President Trump’s National Golf Club in Bedminster, N.J., may be under federal investigation after employees came forward accusing the club of hiring undocumented migrants and creating false immigration documents for them, per the New York Daily News and attorney Anibal Romero, who provided New Jersey prosecutors with evidence from his clients, Victorina Morales and Sandra Diaz. Romero met with the state attorney general, and handed over fake green cards and social security numbers that were given to his clients and created by management.
When Morales and Diaz came first came forward, Romero didn’t want to deal with then-attorney general and known xenophobe Jeff Sessions and risk jeopardizing the case, so instead he reached out to special counsel Robert Mueller, hoping it would fall under the Russia investigation. It wasn’t in their jurisdiction, so the information was handed off to the FBI, which got in touch with Romero later on, asking for an in-person meet up. They’re still in touch now.
Romero and the agencies won’t confirm that the FBI is launching an official investigation. The New Jersey Attorney General office said it has a policy “to neither confirm or deny investigations.” Romero himself is more straightforward when he says, “I’m confident that federal and state authorities will conduct a complete and thorough investigation.”
Trump Organization spokeswoman Amanda Miller deflected when she told the New York Times, “We have tens of thousands of employees across our properties and have very strict hiring practices. If any employee submitted false documentation in an attempt to circumvent the law, they will be terminated immediately.” The organization’s apathy, though, is blatant; Morales, who publicly admitted she has fake immigration documents, is still getting paychecks from the club.
Morales and Diaz told their stories to the Times last month after becoming upset with the growing hypocrisy coming from Trump and his views on immigration. Morales is still employed by the golf club, but has stopped going to work since she went public with her claims. Diaz, who’s Costa Rican, doesn’t work at the club anymore, but was able to obtain legal status. These women say club management compiled personal information on them when they were hired, snapped a photo in the club’s laundry room, then days later were told a supervisor received the fraudulent documents and would keep them.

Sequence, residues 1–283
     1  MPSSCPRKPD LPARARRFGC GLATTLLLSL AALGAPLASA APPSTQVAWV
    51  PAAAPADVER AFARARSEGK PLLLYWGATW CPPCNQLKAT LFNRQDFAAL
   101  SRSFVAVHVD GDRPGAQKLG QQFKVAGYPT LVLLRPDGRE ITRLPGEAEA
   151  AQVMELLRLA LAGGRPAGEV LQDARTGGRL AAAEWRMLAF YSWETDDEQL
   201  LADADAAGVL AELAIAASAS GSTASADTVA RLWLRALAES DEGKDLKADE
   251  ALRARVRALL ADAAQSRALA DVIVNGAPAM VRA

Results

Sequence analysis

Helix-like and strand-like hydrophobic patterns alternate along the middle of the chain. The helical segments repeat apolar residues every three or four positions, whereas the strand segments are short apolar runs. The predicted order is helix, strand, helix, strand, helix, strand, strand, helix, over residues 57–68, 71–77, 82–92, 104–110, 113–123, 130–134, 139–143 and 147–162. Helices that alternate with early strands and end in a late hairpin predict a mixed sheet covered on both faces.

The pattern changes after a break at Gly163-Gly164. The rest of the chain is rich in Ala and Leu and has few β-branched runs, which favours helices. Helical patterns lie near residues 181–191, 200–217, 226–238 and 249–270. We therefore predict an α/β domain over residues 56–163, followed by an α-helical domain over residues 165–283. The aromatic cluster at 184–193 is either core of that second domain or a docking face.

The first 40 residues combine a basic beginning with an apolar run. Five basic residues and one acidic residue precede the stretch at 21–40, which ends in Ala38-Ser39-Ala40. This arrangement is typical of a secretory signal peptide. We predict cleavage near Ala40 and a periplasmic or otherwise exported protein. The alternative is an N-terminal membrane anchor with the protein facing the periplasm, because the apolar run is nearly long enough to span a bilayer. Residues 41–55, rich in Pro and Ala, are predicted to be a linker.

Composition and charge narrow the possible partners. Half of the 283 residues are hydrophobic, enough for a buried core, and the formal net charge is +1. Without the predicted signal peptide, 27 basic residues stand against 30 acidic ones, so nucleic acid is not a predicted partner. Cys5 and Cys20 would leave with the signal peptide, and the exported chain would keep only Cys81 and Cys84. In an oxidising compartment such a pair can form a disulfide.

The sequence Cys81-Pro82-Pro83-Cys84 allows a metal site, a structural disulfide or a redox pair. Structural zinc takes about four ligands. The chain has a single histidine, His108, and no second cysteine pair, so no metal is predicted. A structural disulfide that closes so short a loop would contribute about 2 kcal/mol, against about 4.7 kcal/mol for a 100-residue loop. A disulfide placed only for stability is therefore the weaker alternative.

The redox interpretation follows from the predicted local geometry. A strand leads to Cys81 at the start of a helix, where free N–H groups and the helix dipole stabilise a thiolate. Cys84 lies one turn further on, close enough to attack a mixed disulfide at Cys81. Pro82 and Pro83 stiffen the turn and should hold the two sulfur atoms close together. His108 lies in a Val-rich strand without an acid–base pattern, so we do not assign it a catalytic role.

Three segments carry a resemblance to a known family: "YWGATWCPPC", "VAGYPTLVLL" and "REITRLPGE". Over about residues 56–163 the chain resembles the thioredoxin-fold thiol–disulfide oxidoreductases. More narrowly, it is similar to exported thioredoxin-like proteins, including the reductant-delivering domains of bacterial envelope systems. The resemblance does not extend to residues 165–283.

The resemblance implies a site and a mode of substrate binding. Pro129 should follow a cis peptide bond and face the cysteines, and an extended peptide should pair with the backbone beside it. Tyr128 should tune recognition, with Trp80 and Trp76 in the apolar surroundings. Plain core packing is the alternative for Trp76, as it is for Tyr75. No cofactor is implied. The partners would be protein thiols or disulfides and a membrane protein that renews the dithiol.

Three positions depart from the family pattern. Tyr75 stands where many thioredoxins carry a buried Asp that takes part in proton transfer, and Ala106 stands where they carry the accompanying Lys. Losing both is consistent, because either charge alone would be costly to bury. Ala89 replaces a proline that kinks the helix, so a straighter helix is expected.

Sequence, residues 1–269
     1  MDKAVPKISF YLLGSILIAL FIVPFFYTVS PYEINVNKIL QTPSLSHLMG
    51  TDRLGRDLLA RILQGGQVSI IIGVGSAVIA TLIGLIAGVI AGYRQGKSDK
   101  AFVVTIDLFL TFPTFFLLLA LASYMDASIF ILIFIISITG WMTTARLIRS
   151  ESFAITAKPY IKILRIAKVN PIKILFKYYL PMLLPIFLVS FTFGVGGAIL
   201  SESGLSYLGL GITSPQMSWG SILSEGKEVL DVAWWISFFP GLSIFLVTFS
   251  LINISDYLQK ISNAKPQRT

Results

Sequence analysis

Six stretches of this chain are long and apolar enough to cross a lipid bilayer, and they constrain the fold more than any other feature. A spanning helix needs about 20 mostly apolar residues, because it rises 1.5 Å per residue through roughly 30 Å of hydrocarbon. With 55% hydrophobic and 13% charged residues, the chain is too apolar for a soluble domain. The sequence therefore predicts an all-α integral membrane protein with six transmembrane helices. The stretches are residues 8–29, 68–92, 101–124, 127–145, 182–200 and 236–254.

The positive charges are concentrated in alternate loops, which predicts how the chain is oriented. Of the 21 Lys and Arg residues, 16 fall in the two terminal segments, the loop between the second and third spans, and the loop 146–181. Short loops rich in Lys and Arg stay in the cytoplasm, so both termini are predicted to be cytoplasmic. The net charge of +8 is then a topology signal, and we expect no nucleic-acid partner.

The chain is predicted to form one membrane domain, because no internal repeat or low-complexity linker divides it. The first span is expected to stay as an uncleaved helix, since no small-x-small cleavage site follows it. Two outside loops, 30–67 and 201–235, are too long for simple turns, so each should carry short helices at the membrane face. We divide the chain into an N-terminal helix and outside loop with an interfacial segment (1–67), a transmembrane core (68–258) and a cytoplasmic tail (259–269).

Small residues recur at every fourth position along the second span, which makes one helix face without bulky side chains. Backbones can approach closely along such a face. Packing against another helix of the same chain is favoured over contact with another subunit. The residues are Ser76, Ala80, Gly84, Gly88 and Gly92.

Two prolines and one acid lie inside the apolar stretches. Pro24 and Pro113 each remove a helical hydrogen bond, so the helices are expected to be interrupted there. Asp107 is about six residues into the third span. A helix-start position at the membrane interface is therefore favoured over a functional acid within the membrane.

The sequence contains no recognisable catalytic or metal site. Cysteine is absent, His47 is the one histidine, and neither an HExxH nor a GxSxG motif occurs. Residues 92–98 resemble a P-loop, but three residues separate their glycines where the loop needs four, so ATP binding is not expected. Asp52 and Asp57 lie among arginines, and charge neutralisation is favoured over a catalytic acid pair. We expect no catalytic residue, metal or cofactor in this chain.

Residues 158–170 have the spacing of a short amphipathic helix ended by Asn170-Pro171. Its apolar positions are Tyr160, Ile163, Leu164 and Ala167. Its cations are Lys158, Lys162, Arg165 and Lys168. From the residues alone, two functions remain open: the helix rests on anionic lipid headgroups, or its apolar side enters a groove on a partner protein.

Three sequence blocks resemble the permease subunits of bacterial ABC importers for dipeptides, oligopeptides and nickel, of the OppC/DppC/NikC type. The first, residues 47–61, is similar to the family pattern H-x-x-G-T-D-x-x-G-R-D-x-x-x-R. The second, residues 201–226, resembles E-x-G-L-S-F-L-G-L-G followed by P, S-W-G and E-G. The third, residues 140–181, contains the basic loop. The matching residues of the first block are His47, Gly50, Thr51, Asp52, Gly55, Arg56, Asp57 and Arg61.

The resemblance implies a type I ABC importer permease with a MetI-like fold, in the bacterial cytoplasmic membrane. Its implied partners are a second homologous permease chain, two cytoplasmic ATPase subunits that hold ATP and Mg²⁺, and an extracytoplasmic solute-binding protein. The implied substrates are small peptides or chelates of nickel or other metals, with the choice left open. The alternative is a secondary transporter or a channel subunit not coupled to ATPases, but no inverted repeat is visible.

Romero said “this was a practice and pattern. My clients felt like they were trapped and they felt like the fake documents could be used against them.” It’s a clear abuse of migrants workers. Without saying so explicitly, Trump’s club management sends a threat. Mess up, leave, or tell anyone what we’re doing, and we’ve got dirt on you.
Even though Morales and Diaz have come forward, they’re still at risk. Per former assistant U.S. attorney for the Southern District of New York Harry Sandick, anyone involved with the use or creation of those fake documents could be found guilty of immigration fraud. The only solace Romero was able to provide his clients with was the assurance that prosecuting them would be missing the point. Still, these women came forward, despite the risk.
Morales told the Washington Post, “I was humiliated. I just wanted to come of the shadows. I was trapped and threatened with deportation if I spoke out against my boss, who was so abusive. No one should be treated this way in the United States of America.”